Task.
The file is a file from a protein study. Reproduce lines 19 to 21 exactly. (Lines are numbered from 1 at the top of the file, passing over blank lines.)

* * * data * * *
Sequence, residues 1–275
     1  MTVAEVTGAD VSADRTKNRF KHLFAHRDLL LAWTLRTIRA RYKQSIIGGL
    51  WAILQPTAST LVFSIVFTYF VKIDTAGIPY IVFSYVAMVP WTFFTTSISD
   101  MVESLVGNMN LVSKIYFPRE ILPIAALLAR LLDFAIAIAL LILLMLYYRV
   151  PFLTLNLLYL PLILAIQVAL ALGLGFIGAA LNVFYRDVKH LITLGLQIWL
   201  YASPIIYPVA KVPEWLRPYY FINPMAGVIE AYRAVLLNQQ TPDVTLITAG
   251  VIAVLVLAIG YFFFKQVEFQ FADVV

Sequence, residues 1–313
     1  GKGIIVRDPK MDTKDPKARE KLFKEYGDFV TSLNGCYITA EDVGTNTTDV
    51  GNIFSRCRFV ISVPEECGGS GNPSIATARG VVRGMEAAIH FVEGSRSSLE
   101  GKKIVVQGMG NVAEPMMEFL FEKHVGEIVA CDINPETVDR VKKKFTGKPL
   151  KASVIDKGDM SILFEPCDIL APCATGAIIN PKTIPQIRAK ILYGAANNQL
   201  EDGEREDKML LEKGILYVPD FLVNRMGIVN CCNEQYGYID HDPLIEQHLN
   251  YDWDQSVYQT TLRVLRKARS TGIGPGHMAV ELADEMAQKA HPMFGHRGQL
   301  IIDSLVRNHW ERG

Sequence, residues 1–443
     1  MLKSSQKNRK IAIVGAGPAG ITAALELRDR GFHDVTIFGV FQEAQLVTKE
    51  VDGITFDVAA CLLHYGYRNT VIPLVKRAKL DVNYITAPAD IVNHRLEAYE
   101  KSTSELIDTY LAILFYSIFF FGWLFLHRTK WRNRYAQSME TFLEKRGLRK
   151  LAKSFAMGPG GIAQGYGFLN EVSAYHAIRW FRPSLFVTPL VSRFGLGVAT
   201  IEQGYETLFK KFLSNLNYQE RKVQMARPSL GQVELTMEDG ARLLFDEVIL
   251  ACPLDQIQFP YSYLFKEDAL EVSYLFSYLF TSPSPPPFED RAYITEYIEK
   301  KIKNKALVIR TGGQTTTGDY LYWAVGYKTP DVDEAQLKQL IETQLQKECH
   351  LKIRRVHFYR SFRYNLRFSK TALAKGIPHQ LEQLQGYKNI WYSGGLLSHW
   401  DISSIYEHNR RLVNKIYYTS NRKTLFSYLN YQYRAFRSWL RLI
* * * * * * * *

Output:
   101  KSTSELIDTY LAILFYSIFF FGWLFLHRTK WRNRYAQSME TFLEKRGLRK
   151  LAKSFAMGPG GIAQGYGFLN EVSAYHAIRW FRPSLFVTPL VSRFGLGVAT
   201  IEQGYETLFK KFLSNLNYQE RKVQMARPSL GQVELTMEDG ARLLFDEVIL